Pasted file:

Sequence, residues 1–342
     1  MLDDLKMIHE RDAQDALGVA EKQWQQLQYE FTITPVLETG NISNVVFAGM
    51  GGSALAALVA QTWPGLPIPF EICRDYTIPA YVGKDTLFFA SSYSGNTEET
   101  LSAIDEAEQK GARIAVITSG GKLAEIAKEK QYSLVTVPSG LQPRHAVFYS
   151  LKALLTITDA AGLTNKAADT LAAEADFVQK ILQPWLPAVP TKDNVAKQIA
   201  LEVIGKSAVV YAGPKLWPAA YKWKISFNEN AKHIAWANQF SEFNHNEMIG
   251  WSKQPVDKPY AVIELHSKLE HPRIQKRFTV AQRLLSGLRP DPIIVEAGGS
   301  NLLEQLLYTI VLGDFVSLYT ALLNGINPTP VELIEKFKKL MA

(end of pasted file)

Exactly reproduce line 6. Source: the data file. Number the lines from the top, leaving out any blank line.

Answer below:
   201  LEVIGKSAVV YAGPKLWPAA YKWKISFNEN AKHIAWANQF SEFNHNEMIG